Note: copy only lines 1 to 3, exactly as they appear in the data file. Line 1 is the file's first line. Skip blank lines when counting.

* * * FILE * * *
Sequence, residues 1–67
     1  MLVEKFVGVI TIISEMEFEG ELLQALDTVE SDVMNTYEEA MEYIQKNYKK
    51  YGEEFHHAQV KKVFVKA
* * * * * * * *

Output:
Sequence, residues 1–67
     1  MLVEKFVGVI TIISEMEFEG ELLQALDTVE SDVMNTYEEA MEYIQKNYKK
    51  YGEEFHHAQV KKVFVKA